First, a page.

Biblical Interpretation (Part 4): Chiasm
In the previous three parts to this series we have looked at some keys to proper interpretation which should make a lot of sense once we stop and think about them, but often we tend to neglect them or are unaware of them until we have them pointed out to us. Recognizing this should cause us to stop and become humbled before God and to realize how much we need his Spirit’s help and guidance in properly understanding and applying his word. In this post, we are going to look at a type of literary structure which many people are totally unaware of. In fact, I was unaware of this only until recently. The Bible is often misinterpreted because of a failure to understand this way of writing that the Biblical writers, and God, have used in the Scriptures. It is a literary structure referred to as chiasmus.
Chiasmus (or chiasm) comes from the Greek letter "chi." This letter looks like our English letter "X." It represents two or more subjects connecting together and meeting in the center, often emphasizing the center. Chiasm is a way of writing which answers the topics raised in reverse order from which they are introduced. For example, Subject A is introduced followed by Subject B. Subject B is then continued or answered, followed by Subject A again. Let’s take a look at the following portion of Scripture to demonstrate chiasm:
"It is a faithful saying: For if we be dead with him, we shall also live with him: If we suffer, we shall also reign with him: if we deny him, he also will deny us: If we believe not, yet he abideth faithful: he cannot deny himself." - 2 Timothy 2:11-13
Now if we fail to read these three verses chiastically, we might conclude that the "he also will deny us" is referring to God denying eternal life to those who deny him. Now of course, God does not grant eternal life to those who have rejected the gospel found in his Son, the Lord Jesus Christ, but is this being referred to here in this passage? Let us look at the passage again, only this time with chiasm in mind:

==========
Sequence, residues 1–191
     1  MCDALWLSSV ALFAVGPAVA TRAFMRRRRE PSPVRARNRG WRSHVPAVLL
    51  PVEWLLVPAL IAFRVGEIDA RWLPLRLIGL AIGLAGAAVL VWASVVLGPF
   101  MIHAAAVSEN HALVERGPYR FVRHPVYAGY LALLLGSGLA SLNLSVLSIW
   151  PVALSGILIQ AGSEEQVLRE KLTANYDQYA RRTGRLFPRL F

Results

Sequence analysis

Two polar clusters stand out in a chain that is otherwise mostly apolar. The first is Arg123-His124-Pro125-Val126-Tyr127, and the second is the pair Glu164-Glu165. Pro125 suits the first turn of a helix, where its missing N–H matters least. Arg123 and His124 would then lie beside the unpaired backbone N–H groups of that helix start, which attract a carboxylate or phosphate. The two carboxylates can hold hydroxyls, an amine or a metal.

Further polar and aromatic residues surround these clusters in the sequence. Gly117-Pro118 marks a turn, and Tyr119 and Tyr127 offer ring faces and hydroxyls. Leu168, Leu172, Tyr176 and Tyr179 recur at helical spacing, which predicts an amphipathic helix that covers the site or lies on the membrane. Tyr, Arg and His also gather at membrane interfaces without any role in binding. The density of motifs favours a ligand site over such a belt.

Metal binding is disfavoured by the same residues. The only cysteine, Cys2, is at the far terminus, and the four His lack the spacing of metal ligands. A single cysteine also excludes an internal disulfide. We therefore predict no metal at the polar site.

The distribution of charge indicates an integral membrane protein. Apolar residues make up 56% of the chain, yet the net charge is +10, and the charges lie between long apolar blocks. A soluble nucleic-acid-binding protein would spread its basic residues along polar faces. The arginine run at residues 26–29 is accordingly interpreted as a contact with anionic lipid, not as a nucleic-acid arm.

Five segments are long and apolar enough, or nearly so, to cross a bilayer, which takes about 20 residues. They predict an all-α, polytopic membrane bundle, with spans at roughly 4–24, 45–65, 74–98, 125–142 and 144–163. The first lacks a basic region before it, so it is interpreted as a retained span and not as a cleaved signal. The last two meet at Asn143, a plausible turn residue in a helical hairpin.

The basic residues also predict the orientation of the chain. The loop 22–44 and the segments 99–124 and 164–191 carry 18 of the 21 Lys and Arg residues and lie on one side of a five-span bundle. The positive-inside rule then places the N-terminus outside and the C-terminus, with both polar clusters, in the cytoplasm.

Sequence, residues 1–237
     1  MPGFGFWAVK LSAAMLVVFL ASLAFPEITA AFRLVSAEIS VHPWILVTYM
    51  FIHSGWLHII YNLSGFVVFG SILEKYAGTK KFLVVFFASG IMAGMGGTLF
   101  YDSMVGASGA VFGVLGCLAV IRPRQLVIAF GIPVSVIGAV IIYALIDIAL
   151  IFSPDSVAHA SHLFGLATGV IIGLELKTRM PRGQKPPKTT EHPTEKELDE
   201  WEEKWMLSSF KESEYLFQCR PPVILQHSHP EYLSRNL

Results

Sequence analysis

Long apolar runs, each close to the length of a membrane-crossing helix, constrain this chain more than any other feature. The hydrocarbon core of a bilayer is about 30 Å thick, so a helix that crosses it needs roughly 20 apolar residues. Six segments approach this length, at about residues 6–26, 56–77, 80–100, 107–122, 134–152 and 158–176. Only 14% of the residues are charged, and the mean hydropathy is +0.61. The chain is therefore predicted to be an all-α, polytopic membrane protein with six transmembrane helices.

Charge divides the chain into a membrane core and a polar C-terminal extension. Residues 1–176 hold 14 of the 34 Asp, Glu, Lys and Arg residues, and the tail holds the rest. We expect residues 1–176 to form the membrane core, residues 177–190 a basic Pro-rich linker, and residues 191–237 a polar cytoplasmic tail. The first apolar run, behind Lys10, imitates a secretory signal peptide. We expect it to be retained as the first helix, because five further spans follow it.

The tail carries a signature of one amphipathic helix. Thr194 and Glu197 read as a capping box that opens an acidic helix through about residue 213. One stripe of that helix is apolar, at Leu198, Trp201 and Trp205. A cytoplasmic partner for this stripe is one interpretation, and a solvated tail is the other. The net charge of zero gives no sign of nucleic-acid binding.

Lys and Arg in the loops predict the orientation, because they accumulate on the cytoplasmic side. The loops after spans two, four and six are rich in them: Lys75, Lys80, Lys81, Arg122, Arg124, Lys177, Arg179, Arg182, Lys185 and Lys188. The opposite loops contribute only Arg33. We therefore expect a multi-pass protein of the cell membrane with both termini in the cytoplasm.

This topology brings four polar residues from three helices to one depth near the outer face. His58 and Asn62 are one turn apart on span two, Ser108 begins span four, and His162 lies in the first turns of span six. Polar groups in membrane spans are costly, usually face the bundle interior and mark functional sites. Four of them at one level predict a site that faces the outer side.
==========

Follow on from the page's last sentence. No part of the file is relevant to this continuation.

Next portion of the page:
Subject A: "It is a faithful saying: For if we be dead with him, we shall also live with him:" (verse 11)
Subject B: "If we suffer, we shall also reign with him:" (verse 12a)
Subject B: "if we deny him, he also will deny us:" (verse 12b)
Subject A: "If we believe not, yet he abideth faithful: he cannot deny himself." (verse 13)
Notice that, according to chiasm, verse 12b is referring back to the earlier part of the same verse. This is referring to our reigning with Christ Jesus if we suffer for him. Therefore, to deny him would have to do with failure to stand up for the testimony of the gospel because one is afraid of men more than God. In turn, Jesus will deny his servants a right to reign with him if they have been found unfaithful to Christ. This fits the context of chapter 2. Let us just look at the previous three verses for example:
"Remember that Jesus Christ of the seed of David was raised from the dead according to my gospel: Wherein I suffer trouble, as an evil doer, even unto bonds; but the word of God is not bound. Therefore I endure all things for the elect’s sakes, that they may also obtain the salvation which is in Christ Jesus with eternal glory." - 2 Timothy 2:8-10 (underlinings mine)
Notice three things:
1) Paul was preaching the gospel of the resurrection of the Lord Jesus Christ (verse 8).
2) He suffered trouble from his testimony (verse 9).
3) He did this that the elect might obtain the salvation which is in Christ Jesus with eternal glory (verse 10).
Paul is basically saying that there is a reward in heaven for those who suffer for the name of Jesus Christ. And in verses 11-13 he says that we have life with him, and if we suffer for him we shall also reign with him, but if we deny him he will deny us the right to reign, but he will not make void his promise to save us or else he would be denying himself. This is not understood unless we read the passage chiastically.